|Publication number||US5240600 A|
|Application number||US 07/891,826|
|Publication date||Aug 31, 1993|
|Filing date||Jun 1, 1992|
|Priority date||Jul 3, 1990|
|Publication number||07891826, 891826, US 5240600 A, US 5240600A, US-A-5240600, US5240600 A, US5240600A|
|Inventors||Lawrence K. Wang, Lubomyr Kurylko, Mu H. S. Wang|
|Original Assignee||International Environmental Systems, Inc., Usa|
|Export Citation||BiBTeX, EndNote, RefMan|
|Patent Citations (25), Non-Patent Citations (5), Referenced by (85), Classifications (62), Legal Events (5)|
|External Links: USPTO, USPTO Assignment, Espacenet|
This application is a continuation-in-part of two applications; Ser. No. 07/547,982, filed Jul. 3, 1990 (now U.S. Pat. No. 5,049,320, issued Sep. 17, 1991) and Ser. No. 07/708,777, filed May 29, 1991 (now U.S. Pat. No. 5,167,806.
1. Field of the Invention
The present invention relates to a method and an apparatus for dissolving gases into liquid phases under high pressure, (ranging from 2 to 7 atmospheric pressure), and high rotation velocity (2,500 rpm or higher) in an enclosed pressure vessel, and for subsequently releasing the pressurized liquid into an open vessel in order to generate extremely fine micro bubbles with a diameter less than 80 microns to facilitate dissolved gas flotation clarification, physical-chemical treatment and biological treatment. Conventional bubble separation, recarbonation, aeration, bio-oxidation, and ozonation technologies have a low efficiency for water and wastewater treatment and require a long retention time, and large reactors.
2. Description of Prior Art
Conventional adsorptive bubble separation and bio-oxidation processes involve the use of coarse air or oxygen bubbles which are inefficient and cause air pollution. The present invention represents a highly efficient alternative to conventional bubble separation liquid treatment methods such as conventional flotation, recarbonation, aeration, ozonation, chlorination, oxygenation, etc. The present invention is also an alternative to conventional biological oxidation (i.e. bio-oxidation) processes, such as conventional activated sludge, trickling filter, rotating biological contactors, biological tower, deep shaft process, biological fluidized bed, etc.
The adsorptive bubble separation process (including dissolved air flotation, dispersed air flotation, froth flotation, etc.) is a very effective technology for solid-liquid separation that has been in use outside the environmental engineering field for more than 50 years. Originally applied in the field of mining engineering, adsorptive bubble separation now provides the means for separation and/or concentration of 95 percent of the world's base metals and other mineral compounds. Recently, the adsorptive bubble separation process has become increasingly important in such diverse applications as the separation of algaes, seeds, or bacteria from biological reactors, removal of ink from repulped paper stock, recovery of wool fat from food processing streams, peas from pea pods, coal from slate, gluten from starch, oils from industrial effluents, and more recently in drinking water, cooling water, wastewater, and sludge treatments.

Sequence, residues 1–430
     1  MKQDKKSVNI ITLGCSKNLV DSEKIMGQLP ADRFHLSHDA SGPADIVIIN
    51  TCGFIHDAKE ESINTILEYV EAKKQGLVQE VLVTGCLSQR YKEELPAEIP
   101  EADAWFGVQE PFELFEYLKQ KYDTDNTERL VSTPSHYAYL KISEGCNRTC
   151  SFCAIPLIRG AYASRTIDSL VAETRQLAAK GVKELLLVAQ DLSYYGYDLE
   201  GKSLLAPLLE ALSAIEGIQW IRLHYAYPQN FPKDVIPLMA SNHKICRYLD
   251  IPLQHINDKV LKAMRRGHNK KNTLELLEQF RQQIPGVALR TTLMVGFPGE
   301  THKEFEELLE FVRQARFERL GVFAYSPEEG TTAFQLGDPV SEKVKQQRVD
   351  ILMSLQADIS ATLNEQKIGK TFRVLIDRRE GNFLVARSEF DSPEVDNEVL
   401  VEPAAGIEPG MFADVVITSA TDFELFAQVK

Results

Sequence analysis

Adsorptive bubble separation process may be defined as the mass transfer of a solid from the body of a liquid, to the liquid surface by means of bubble attachment.
The solids are in dissolved, suspended and/or colloidal forms. The three basic mechanisms involved are bubble formation, bubble attachment and solids separation.
In general, the light weight suspended solids, such as fibers, activated sludge, free oil, chemical flocs, fats, etc., can be readily separated by the process in accordance with physical-chemical bubble attachment mechanism. The colloidal solids, soluble organics, soluble inorganics, and surface active substances are separated from the bulk liquid by the bubble separation process after they are converted from colloidal or soluble form into insoluble form (i.e. suspended solids) which can then be floated by bubbles.